In September, we introduced the world’s first Self-Driving Ubers to the Steel City. Three months later, we’re bringing Volvo XC90s to San Francisco. We’re incredibly excited to work with Volvo to pair our state-of-the-art self-driving technology with Volvo’s outstanding vehicle development and core safety capabilities.
Starting today, riders who request an uberX in San Francisco will be matched with a Self-Driving Uber if one is available. Expanding our self-driving pilot allows us to continue to improve our technology through real-world operations. With its challenging roads and often varied weather, Pittsburgh provided a wide array of experiences. San Francisco comes with its own nuances including more bikes on the road, high traffic density and narrow lanes.
The promise of self-driving is core to our mission of reliable transportation, everywhere for everyone. As demand for ridesharing continues to skyrocket, the future of transportation will be a mix of human drivers and self-driving cars.
We know that when people can get an affordable, reliable ride across town, things change for the better. Cities become safer, cleaner, more efficient and more affordable. Ridesharing also helps cut into automobile-related deaths and drunk driving. It complements public transit, getting people to places that aren’t well served by other forms of transportation. And by getting more people into fewer cars, we can reduce congestion and pollution in our cities over time.
Creating a viable alternative to individual car ownership is important to the future of our cities. And to get there, we need to fuse our ridesharing network with world class self-driving software and hardware.
Finally, we understand that there is a debate over whether or not we need a testing permit to launch self-driving Ubers in San Francisco. We have looked at this issue carefully and we don’t believe we do. Before you think, “there they go again” let us take a moment to explain:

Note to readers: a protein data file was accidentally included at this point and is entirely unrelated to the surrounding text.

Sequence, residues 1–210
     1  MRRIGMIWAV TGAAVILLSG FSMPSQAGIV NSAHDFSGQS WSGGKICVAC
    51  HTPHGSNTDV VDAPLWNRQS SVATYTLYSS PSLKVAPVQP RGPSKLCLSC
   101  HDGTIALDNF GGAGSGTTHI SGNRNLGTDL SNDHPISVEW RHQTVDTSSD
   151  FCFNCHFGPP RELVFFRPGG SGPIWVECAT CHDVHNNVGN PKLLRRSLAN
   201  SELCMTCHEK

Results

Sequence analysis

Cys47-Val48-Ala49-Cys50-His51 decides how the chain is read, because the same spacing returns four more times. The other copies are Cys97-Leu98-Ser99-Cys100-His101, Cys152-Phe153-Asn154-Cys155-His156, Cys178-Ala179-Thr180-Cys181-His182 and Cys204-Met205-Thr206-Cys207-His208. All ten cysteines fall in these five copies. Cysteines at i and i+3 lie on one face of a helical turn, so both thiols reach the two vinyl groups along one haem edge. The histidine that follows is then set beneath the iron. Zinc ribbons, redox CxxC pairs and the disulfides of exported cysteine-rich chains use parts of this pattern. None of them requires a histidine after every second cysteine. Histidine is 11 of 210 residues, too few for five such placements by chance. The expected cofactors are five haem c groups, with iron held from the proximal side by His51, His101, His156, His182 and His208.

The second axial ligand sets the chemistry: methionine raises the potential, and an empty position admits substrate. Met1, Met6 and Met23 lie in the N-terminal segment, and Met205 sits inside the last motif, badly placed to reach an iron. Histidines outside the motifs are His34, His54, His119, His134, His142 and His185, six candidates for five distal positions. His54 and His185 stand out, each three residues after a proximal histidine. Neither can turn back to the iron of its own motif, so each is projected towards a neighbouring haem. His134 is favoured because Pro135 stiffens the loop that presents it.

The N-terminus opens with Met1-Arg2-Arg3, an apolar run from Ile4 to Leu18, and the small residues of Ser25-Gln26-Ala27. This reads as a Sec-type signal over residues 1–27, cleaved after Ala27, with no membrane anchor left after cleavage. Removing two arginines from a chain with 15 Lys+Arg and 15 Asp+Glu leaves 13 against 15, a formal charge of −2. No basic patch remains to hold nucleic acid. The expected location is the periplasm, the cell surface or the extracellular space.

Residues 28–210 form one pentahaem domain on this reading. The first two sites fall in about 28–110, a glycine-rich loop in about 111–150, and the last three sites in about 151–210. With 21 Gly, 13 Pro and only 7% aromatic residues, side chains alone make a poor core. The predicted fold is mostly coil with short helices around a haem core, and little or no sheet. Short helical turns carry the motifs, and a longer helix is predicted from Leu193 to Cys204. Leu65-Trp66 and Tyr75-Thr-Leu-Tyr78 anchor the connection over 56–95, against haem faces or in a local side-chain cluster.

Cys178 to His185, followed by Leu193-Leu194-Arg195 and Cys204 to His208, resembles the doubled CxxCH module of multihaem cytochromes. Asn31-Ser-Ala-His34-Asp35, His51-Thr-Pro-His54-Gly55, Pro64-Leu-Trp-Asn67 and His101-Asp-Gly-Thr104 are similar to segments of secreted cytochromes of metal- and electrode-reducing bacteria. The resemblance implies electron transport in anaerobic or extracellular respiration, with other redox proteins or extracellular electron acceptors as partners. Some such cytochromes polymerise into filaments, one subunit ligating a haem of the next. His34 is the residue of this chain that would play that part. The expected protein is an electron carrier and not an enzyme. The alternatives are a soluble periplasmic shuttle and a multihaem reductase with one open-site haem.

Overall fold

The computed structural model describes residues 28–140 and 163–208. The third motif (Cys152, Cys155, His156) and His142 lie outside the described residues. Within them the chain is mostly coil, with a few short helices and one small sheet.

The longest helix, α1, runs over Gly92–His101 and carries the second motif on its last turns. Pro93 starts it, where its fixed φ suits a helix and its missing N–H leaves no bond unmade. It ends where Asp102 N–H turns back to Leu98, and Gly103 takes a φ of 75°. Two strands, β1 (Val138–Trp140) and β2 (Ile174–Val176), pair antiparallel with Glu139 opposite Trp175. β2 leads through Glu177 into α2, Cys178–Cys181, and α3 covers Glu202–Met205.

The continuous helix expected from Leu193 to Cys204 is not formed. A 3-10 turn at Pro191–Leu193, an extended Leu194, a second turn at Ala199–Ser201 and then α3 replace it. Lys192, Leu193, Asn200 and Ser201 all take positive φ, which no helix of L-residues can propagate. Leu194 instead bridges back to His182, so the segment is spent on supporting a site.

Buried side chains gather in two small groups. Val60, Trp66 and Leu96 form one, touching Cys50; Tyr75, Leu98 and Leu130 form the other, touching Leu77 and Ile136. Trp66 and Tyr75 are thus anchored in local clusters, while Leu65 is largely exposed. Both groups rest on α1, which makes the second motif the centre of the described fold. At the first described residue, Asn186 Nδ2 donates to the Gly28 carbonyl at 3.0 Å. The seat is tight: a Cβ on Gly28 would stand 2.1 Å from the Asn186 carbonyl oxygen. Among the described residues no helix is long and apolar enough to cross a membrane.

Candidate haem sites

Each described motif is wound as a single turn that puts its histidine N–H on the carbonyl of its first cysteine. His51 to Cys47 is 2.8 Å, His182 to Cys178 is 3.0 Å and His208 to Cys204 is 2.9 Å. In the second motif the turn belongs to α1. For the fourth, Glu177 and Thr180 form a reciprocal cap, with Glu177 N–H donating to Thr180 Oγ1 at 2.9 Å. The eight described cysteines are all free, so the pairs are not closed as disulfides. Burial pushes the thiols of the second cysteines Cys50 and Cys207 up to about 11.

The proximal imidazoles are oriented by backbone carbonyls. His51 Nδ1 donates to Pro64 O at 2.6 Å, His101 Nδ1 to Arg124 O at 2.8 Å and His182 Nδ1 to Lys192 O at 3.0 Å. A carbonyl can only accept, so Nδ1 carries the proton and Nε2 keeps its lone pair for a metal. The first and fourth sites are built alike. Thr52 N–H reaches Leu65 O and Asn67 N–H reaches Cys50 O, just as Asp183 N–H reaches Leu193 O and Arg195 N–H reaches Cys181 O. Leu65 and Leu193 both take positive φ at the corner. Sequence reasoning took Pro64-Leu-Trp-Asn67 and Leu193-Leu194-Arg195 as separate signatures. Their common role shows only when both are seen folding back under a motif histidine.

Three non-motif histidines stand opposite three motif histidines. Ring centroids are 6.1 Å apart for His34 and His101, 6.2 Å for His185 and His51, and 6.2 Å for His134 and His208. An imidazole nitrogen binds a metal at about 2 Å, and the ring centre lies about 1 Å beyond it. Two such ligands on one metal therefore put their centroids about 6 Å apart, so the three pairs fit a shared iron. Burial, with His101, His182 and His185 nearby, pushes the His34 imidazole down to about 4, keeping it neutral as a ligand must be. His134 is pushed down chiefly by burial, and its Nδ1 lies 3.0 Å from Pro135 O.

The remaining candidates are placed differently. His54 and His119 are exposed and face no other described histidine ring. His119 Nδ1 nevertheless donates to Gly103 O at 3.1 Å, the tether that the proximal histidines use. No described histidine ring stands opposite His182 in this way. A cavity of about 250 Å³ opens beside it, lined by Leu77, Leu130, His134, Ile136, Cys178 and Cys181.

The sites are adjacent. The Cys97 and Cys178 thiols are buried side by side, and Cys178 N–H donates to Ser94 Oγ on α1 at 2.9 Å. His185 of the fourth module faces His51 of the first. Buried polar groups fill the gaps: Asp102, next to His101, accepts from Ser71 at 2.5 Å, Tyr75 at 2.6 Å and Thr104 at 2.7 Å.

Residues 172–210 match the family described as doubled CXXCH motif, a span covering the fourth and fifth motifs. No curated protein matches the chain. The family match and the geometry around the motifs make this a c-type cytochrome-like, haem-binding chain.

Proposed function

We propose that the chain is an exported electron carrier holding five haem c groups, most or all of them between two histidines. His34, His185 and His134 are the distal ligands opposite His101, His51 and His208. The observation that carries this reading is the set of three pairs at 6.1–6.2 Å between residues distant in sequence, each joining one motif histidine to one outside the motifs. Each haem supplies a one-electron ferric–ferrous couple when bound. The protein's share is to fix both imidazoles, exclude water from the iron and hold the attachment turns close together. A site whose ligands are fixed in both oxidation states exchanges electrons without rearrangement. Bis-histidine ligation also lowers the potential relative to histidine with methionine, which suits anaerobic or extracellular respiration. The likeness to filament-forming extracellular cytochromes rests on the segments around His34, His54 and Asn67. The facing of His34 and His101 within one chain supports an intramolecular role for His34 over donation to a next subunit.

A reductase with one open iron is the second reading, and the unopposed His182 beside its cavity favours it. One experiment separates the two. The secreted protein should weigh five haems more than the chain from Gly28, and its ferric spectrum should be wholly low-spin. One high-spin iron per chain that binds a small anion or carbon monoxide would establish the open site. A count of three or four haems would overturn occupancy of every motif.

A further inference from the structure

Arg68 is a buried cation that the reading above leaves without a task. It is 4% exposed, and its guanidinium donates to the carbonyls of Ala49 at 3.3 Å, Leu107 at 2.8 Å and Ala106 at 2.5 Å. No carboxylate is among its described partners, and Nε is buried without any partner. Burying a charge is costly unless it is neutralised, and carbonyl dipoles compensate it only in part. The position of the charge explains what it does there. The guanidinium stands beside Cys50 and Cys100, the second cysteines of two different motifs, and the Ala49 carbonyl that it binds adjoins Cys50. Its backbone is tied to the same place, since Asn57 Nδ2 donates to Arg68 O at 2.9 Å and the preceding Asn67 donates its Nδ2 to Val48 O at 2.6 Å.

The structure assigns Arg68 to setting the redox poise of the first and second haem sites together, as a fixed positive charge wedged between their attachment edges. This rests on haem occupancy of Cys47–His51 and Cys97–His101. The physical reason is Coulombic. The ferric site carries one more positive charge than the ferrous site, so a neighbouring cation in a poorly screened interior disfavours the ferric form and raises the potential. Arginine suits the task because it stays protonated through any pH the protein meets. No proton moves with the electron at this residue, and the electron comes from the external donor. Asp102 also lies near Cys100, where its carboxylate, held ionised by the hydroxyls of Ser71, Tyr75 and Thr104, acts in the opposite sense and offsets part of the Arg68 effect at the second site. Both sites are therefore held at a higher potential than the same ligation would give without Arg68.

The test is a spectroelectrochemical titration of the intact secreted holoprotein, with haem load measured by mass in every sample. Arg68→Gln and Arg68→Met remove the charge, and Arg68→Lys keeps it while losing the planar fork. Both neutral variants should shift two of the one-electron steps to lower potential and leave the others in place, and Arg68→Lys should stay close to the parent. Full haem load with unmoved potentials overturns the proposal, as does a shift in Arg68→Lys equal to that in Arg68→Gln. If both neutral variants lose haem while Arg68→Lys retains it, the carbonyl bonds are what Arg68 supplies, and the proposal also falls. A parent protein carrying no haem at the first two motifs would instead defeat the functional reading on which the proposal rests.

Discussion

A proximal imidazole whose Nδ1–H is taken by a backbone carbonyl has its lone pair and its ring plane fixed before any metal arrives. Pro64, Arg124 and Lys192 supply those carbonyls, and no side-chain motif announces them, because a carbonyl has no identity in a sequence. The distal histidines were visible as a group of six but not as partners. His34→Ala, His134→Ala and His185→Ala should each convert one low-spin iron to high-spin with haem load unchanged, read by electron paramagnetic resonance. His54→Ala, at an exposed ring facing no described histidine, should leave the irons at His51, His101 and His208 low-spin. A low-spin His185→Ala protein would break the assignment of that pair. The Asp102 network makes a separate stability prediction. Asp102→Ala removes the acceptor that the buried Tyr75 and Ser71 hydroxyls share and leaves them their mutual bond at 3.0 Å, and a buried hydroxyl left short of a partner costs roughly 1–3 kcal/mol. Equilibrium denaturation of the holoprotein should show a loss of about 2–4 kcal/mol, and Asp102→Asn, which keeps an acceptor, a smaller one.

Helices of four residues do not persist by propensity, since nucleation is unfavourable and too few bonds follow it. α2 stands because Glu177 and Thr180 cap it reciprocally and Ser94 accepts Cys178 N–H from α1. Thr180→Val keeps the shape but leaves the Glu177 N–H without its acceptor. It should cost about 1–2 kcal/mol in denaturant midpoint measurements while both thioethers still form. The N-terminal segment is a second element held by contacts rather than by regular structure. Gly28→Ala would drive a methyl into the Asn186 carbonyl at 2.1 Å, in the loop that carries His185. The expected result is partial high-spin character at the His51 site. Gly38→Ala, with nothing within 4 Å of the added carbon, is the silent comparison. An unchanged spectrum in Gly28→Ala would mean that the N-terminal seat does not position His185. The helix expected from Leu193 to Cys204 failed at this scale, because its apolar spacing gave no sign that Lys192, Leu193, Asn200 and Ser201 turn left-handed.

First, we are not planning to operate any differently than in Pittsburgh, where our pilot has been running successfully for several months. Second, the rules apply to cars that can drive without someone controlling or monitoring them. For us, it’s still early days and our cars are not yet ready to drive without a person monitoring them.
But there is a more fundamental point—how and when companies should be able to engineer and operate self-driving technology. We have seen different approaches to this question. Most states see the potential benefits, especially when it comes to road safety. And several cities and states have recognized that complex rules and requirements could have the unintended consequence of slowing innovation. Pittsburgh, Arizona, Nevada and Florida in particular have been leaders in this way, and by doing so have made clear that they are pro technology. Our hope is that California, our home state and a leader in much of the world’s dynamism, will take a similar view.